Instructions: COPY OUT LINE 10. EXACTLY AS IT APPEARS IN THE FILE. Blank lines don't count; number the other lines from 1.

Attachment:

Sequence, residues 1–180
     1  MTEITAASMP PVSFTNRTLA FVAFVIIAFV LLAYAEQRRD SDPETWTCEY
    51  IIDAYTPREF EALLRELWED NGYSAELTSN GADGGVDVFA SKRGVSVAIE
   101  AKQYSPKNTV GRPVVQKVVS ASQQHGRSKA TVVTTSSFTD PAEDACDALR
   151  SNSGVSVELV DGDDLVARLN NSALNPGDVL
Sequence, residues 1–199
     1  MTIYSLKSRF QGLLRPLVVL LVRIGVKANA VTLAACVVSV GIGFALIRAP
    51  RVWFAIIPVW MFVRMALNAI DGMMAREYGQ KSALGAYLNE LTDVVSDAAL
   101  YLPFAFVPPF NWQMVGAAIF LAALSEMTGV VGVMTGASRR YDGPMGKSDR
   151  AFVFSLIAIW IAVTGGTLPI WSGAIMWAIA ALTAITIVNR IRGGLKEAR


   151  AFVFSLIAIW IAVTGGTLPI WSGAIMWAIA ALTAITIVNR IRGGLKEAR